Note from the Executive Director: We're Betting on Equality
From Las Vegas to Cincinnati, we’re betting on equality here at Lambda Legal. In the past two weeks we launched two new federal cases.
Last week, we filed a federal case seeking the freedom to marry in Nevada. The lead plaintiffs, Beverly Sevcik, 73, and Mary Baranovich, 76, have been together for nearly 41 years and committed their lives to each other in October 1971. Together, they raised three children, and they are now grandmothers to their four grandchildren. They and the other seven couples we represent want the freedom to marry and the opportunity to honor the love and commitment they share.
Nevada violates the Equal Protection Clause of the U.S. Constitution when it excludes same-sex couples from marriage, and relegates them to the lesser status of domestic partnership.
We concluded that this case was the appropriate next step in court after the Ninth Circuit’s decision in Perry v. Brown, California’s Prop 8 case. The new Lambda Legal lawsuit challenges the situation where a state, like Nevada, can no longer advance any reason for treating same-sex couples differently when it comes to marriage, since it provides all the rights and responsibilities to same-sex couples, yet withholds the honored designation of “married.”
How can it be fair that the state of Nevada allows different-sex couples to marry in Las Vegas after only hours together, when Beverly and Mary have been together 41 years and are barred from doing so? It’s not fair. There is no legitimate reason to do so under the law, and we intend to prove that in court.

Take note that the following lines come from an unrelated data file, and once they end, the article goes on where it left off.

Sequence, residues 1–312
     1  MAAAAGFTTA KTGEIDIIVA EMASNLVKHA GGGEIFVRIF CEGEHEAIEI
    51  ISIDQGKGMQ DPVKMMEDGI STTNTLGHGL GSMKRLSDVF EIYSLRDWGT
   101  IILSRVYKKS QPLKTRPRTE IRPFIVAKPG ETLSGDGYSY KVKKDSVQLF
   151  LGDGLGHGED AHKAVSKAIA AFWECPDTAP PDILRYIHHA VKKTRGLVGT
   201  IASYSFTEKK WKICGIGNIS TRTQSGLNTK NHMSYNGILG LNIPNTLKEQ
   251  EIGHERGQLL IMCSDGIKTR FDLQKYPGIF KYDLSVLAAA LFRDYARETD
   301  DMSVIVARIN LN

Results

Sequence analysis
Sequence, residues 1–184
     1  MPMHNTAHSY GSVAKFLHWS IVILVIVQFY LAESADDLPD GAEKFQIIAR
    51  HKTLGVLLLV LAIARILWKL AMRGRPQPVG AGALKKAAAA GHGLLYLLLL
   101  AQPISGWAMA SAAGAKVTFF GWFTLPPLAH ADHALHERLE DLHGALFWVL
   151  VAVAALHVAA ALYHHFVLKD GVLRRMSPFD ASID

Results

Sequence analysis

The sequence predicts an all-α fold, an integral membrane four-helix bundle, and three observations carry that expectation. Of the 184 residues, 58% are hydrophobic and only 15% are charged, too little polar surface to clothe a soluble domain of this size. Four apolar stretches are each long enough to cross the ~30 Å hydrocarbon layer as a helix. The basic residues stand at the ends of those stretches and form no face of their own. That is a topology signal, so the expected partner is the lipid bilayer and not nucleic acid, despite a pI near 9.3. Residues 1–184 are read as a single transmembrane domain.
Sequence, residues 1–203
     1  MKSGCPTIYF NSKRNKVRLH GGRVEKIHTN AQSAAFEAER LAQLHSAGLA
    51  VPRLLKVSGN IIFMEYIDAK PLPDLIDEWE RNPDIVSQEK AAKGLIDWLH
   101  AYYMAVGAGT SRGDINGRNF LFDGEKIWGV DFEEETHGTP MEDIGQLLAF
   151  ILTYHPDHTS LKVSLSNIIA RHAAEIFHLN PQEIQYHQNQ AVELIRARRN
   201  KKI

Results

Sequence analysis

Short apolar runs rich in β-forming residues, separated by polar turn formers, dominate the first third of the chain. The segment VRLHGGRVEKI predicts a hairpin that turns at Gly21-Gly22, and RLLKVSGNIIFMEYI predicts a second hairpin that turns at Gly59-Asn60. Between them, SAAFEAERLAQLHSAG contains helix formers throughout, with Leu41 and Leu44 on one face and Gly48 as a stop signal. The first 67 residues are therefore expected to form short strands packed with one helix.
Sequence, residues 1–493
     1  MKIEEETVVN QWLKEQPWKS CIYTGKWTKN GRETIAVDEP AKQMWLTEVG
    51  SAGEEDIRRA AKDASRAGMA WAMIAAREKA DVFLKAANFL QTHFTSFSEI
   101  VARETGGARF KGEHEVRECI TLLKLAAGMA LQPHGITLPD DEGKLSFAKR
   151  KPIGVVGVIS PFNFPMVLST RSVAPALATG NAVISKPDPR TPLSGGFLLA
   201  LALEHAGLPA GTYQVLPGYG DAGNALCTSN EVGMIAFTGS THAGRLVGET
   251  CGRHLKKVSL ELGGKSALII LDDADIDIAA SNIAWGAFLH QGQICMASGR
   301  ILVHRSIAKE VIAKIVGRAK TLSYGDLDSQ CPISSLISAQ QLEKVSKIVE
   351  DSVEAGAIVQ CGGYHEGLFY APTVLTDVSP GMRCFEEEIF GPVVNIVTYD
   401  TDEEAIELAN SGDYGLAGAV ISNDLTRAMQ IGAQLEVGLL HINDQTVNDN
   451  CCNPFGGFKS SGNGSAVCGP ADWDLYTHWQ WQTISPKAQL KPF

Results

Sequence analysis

If we prevail in court, thousands of same-sex couples in Nevada, and potentially those in other states with access to the rights and responsibilities of marriage but not marriage itself, will be able to marry the person they love, and the law will be further strengthened to fight for equality across the country.
Earlier this month, we also went to court on behalf of Maverick Couch a 16-year-old high school junior in Waynesville, Ohio, who was threatened with suspension from school if he wore his “Jesus Is Not a Homophobe” T-shirt. The school’s reason? The T-shirt, they say, is “sexual in nature.” We are arguing in federal court that the school has violated Maverick’s First Amendment right to free speech. The very next day after we filed the case, the school agreed to let Maverick wear his T-shirt for GLSEN’s national Day of Silence on April 20. We’re pleased with this news, but we won’t stop until Maverick has the right to wear his shirt on any day that he chooses. Rather than singling Maverick out for discipline, the school’s time would be better spent working on creating a welcoming environment for all students. If you haven’t already done so, visit our “Be a Real Maverick” Campaign page.
We’re extremely proud to represent all of our plaintiffs, who stand with us as we make the case for equality.